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The efficacy of intravenous aminocaproic acid in primary total hip and knee arthroplasty: a meta-analysis

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We conducted a meta-analysis from randomized controlled trials (RCTs) and non-RCTs to assess the efficacy of aminocaproic acid in cases of primary total hip arthroplasty (THA) or total knee arthroplasty (TKA).


Potentially relevant academic articles were identified from the Cochrane Library, MEDLINE (1966–2017 October 31), PubMed (1966–2017 October 31), EMBASE (1980–2017 October 31), and ScienceDirect (1985–2017 October 31). Secondary sources were identified from the references of the included literature. The pooled data were analyzed using RevMan 5.1.


Three RCTs and four non-RCTs met the inclusion criteria. There were significant differences in total blood loss (mean difference (MD) = − 495.80, 95% CI − 837.29 to − 154.32, P = 0.004), drainage volume (MD = − 249.43, 95% CI − 286.78 to − 212.08, P < 0.00001), postoperative hemoglobin level (MD = 0.90, 95% CI 0.78 to 1.02, P < 0.00001), hemoglobin reduction (MD = − 0.75, 95% CI − 0.93 to − 0.57, P < 0.00001), transfusion rates (risk difference (RD) = − 0.17, 95% CI − 0.25 to − 0.09, P < 0.0001), average transfusion units (MD = − 0.28, 95% CI − 0.48 to − 0.09, P = 0.004), and length of hospital stay (MD = − 0.33, 95% CI − 0.43 to − 0.24, P < 0.00001) between the two groups. No significant differences were found regarding deep vein thrombosis (DVT) (RD = − 0.00, 95% CI − 0.01 to 0.00, P = 0.36) between the two groups.


The present meta-analysis indicated that the application of aminocaproic acid in THA or TKA decreases the total blood loss, drainage volume, transfusion rate, transfusion units per patient, and length of hospital stay and does not increase the risk of DVT.


Total hip arthroplasty (THA) and total knee arthroplasty (TKA) are common treatment for treating the patients suffering end-stage joint disease [1, 2]. It is known that significant blood loss may lead to acute anemia following a THA, and blood transfusions are often required for patients suffering from acute anemia and carry their own risks, such as inducing infectious disease, hemolysis, and anaphylactic reactions and increasing the economic burden [3, 4]. Multiple strategies have been utilized to minimize the blood loss, such as blood salvage, normovolemic hemodilution, electrocautery, hypotensive anesthesia, and hemostatic agents [5]. However, many patients still require blood transfusions.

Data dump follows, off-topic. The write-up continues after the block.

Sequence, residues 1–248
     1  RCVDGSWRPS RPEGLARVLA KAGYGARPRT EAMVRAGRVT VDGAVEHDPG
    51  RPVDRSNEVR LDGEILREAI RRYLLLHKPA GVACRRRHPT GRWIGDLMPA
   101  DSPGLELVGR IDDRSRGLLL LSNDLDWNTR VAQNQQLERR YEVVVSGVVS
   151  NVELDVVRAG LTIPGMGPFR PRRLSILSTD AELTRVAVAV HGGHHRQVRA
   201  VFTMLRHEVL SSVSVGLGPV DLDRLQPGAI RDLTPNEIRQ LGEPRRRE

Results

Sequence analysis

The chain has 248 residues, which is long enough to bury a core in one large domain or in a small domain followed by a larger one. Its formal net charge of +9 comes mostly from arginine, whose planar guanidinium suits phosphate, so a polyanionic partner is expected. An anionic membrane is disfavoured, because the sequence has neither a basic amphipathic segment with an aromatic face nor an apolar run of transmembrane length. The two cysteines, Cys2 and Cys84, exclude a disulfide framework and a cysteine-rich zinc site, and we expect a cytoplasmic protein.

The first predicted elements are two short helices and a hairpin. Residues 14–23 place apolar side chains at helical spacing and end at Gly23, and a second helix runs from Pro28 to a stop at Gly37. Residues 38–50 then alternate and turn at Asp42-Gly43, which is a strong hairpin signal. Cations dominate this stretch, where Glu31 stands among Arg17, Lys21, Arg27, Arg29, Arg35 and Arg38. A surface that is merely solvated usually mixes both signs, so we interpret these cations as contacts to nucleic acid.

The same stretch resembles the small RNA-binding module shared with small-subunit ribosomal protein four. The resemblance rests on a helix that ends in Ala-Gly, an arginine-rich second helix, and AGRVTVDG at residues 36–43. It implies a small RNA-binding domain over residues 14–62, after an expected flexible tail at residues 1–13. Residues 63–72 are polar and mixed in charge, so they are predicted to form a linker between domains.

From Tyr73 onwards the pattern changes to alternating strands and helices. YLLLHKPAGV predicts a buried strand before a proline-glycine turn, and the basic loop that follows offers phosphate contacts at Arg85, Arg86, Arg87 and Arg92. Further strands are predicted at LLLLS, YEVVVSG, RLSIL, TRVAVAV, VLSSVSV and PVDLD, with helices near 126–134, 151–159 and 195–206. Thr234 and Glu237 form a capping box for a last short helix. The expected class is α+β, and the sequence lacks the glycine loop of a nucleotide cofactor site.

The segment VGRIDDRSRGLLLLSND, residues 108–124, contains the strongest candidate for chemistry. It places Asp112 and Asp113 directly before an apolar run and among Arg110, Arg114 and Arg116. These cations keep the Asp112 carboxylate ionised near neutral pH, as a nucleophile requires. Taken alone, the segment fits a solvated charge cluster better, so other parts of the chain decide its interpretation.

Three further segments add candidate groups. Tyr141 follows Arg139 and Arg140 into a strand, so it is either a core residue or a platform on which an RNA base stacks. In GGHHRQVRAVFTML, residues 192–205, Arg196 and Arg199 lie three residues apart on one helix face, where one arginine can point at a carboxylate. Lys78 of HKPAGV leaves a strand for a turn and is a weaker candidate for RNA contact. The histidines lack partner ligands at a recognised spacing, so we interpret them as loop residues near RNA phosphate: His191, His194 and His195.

Various studies have reported that aminocaproic acid reduces blood loss and allogenic blood transfusions in primary THA and TKA [6,7,8,9,10,11,12]. However, the results are not consistent. Moreover, some limitations exist in previous studies such as small sample size, inconclusive results, and inaccurate evaluations. Therefore, we conducted a large sample meta-analysis to evaluate the efficacy of aminocaproic acid in primary THA and TKA from randomized controlled trials (RCTs) and non-RCTs.


Search strategy

Electronic databases were searched, including Cochrane Library, MEDLINE (1966–2017 October 31), PubMed (1966–2017 October 31), EMBASE (1980–2017 October 31), and ScienceDirect (1985–2017 October 31). We then manually searched the reference lists of all included studies, relevant books, review articles, and meeting proceedings to identify trials that might have been missed in the electronic search. The search process was conducted as follows in Fig. 1. The key words “aminocaproic acid” and “replacement OR arthroplasty” were used in combination with the Boolean operators AND or. We made no restrictions on the language of the publication. This study is a meta-analysis and did not need approval from the ethics committee or institutional review board.

Fig. 1

Flow chart of the study selection and inclusion process

Inclusion criteria